Lucy Rider Meyer

Lucy Rider Meyer
Short Name: Lucy Rider Meyer
Full Name: Meyer, Lucy Rider, 1849-1922
Birth Year: 1849
Death Year: 1922

Lucy Jane Rider Meyer MD USA 1849-1922. Born at New Haven, VT, she became an author, social worker, teacher, and physician. She attended the New Hampton Literary Institution (a college prep school) and the Upham Theological Seminary. She also went to Oberlin College, graduating in 1872 with her degree in literary studies. In 1873 she entered the Women’s Medical College of PA, but withdrew after two years. She intended to become a Methodist medical missionary, but changed her mind after her then-fiance died in 1875. She did not get her medical degree until 1887, when she obtained it from the Women’s Medical College of Chicago. In 1884 she taught Bible at the Dwight L Moody Young Ladies Seminary, Northfield, MA. In 1885 she met and married a Chicago Methodist pastor and businessman, Rv Josiah Shelley Meyer (1849-1926), also Assistant Secretary for the YMCA in Chicago. He had great business acumen. She called him “Papa”.. he called her “Jennie”. They had a son, Shelly. Lucy became an educator, serving as principal of the Troy Conference Academy in Poultney, VT. After studying chemistry at M.I.T. (1877-78), she became a professor of chemistry for two years at McKendree Coillege in Lebanon, IL (1879-81). She did not wish to continue teaching chemistry. She was a good illustrator and later wrote an introductory book for children about chemistry, titled ‘The fairy land of chemistry’ (1887). From 1881-1884 she served as field secretary fror the IL State Sunday School Association and attended the 1880 World Sunday School Convention in London, England. She felt that people wanting to become religious teachers needed better training. In 1885 she and her husband opened the ‘Chicago Training School for City, Home, and Foreign Missions’. She was its first principal (1885-1917) and her husband its first superintendent. The school trained young women, offering a broad curriculum of Bible study, theology, church history, economics, sociology, and basic medical training. There was some adversity to the school by outsiders, thinking a women’s place was in the home. She is credited with reviving the office of the female deacon (or deaconess) in the U.S. Methodist Episcopal Church. In faith, she was liberal, while he was more conservative, believing the Bible should be taught literally. He did most of that teaching at the school, insisting on its interpretation as written. In 1887 Meyer began preparing some women students of her school to become deacons, with a mission of working in tenement communities. She set up the Methodist Deaconess Home and appointed her former student, Isabella Thoburn, as the first house mother and superintendent, even designing a uniform for the new women deacons. In 1888 the Methodist Episcopal Church recognized the office of deaconess. A similar school was set up in Boston, MA in 1889, with another following in Toronto, Canada in 1894. They took vacations, but she preferred a wilderness environment and he did not, so they had one wilderness vacation property and later another retreat in MI, closer to Chicago, to compromise on both travel distance and environment. She edited a periodical called ‘The message’ and later changed its name to ‘The deaconess advocate’, (1884-1914). In 1889 she published a history of the female diaconate: ‘Deaconesses: Biblical, early church, European, American’. In 1908 she founded the Methodist Deaconess Association. She and her husband resigned from the Chicago Training School in 1917, having graduated over 5000 students, but thinking they could not continue with the school as their opinions for its operation were becoming more and more divergent. They moved to CA for a year and enjoyed their retirement, she suffering from several debilitating maladies, but got much of her strength back as a result. They returned to Chicago and tried to help their school in various ways for the next couple of years. Her health eventually worsened and she died. He returned to the west coast, but never really got over losing his wife. The school later merged with the Garrett Biblical Institute in Evanston, IL. She is credited with initiating 40 institutions/homes for unfortunates. She died in Chicago. She published five works.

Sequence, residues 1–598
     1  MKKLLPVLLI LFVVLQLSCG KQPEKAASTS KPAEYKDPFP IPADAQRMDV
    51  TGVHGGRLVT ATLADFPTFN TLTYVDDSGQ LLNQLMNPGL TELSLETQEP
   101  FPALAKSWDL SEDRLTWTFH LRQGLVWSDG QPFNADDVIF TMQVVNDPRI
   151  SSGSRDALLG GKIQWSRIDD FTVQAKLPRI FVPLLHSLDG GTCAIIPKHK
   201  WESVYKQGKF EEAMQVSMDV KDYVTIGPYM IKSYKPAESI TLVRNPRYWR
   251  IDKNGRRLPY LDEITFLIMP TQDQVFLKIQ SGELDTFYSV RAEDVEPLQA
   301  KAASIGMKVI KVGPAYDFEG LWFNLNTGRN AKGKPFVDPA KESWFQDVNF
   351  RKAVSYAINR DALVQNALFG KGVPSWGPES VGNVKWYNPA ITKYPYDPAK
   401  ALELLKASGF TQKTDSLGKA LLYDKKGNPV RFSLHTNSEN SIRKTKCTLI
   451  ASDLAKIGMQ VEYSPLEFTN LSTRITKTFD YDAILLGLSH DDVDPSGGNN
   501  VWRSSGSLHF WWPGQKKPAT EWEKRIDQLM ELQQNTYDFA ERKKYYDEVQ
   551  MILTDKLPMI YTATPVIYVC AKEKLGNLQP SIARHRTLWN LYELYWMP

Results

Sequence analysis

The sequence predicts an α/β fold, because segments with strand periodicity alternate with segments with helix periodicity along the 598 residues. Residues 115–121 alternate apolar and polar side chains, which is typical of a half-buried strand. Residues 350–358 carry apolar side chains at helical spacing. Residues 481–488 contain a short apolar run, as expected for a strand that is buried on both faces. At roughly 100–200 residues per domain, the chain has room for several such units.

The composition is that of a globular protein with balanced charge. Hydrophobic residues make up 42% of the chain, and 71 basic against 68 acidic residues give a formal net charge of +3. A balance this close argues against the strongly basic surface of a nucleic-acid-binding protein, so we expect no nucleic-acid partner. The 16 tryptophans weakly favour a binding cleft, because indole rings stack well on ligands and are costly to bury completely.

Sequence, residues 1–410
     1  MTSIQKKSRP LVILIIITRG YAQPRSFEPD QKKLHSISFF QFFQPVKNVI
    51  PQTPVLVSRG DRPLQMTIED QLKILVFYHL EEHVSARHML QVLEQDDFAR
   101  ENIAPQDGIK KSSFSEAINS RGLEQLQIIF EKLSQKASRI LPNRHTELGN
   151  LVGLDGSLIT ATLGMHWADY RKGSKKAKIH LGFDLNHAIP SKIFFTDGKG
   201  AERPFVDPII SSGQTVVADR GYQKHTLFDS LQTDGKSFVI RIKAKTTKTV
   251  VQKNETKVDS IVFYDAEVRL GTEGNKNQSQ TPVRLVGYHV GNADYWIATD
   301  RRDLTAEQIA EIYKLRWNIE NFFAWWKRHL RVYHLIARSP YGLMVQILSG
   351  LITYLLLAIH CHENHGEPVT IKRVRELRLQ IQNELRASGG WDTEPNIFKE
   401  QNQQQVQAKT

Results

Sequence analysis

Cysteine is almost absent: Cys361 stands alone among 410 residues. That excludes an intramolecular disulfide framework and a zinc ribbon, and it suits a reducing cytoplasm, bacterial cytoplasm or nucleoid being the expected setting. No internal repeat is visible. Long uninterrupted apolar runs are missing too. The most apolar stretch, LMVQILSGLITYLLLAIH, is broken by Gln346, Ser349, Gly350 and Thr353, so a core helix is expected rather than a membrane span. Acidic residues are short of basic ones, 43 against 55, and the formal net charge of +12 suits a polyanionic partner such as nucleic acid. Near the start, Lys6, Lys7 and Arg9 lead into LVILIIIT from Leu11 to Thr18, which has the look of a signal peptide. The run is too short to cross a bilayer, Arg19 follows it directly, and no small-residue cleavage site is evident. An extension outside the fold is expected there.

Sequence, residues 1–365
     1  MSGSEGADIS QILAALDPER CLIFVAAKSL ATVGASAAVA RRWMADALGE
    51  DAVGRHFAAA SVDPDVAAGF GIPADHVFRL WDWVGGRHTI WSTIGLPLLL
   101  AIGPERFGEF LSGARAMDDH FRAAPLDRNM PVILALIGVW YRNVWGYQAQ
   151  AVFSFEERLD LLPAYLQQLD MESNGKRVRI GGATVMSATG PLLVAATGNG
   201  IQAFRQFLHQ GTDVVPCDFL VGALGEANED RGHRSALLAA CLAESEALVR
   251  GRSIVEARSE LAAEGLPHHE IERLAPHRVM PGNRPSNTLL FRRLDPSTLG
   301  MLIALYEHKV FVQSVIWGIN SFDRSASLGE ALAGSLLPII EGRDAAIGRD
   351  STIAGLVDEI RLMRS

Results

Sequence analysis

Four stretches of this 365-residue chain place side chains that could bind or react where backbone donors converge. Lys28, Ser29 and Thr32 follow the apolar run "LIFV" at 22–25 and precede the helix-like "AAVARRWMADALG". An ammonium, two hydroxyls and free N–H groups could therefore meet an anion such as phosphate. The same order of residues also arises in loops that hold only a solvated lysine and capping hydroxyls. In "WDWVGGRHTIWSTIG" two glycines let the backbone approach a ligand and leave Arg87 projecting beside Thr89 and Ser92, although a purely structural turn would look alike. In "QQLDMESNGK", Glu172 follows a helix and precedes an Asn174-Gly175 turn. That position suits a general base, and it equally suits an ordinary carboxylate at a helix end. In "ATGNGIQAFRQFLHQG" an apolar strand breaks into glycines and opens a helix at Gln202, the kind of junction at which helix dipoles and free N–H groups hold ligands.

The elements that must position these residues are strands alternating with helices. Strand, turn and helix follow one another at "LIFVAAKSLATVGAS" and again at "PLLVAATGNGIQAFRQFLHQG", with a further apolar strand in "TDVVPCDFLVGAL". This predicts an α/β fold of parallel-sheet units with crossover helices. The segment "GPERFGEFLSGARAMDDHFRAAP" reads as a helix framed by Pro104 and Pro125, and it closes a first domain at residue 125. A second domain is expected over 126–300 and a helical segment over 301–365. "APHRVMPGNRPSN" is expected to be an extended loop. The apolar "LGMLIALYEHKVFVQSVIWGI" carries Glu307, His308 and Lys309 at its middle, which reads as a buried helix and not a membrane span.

John Perry


Texts by Lucy Rider Meyer (18)sort descendingAsAuthority LanguagesInstances
Another day for JesusLucy Rider Meyer (Author)2
Day by day, the glorious sunMiss Lucy J. Rider (Author)1
Give all you can, dear friendLucy Rider Meyer (Author)2
Goodbye, goodbye, and God bless youLucy Rider Meyer (Author)2
He was not willing that any should perish; Jesus enthroned in the glory aboveLucy Rider Meyer (Author)English40
Ho, everyone that is thirsty in spiritLucy Rider Meyer (Author)32
I think the little birds that singLucy Rider Meyer (Author)3
I was lost but Jesus sought meLucy Rider Meyer (Author)2
I will follow, follow Jesus every dayL. R. M. (Author)2
I've a dear Savior, ready to listenLucy Rider Meyer (Author)1
Lord, I believe the soul that to thy keepingL. R. M. (Author)3
O Homeland! O Homeland!Lucy Jane Rider Meyer, 1849-1922 (Author)English2
O matchless, marvelous grace of GodLucy J. Rider (Author)1
O watchah, what you see ovah yondahLucy Rider Meyer (Author)4
Sig kun et ord for din herre og din GudL. R. M. (Author)Norwegian2
Speak just a word for your Master and your LordL. R. M. (Author)3
We are children of a King, Heavenly King, Heavenly KingLucy J. Rider (Author)10
Why wilt thou not relentLucy J. Rider (Author)1

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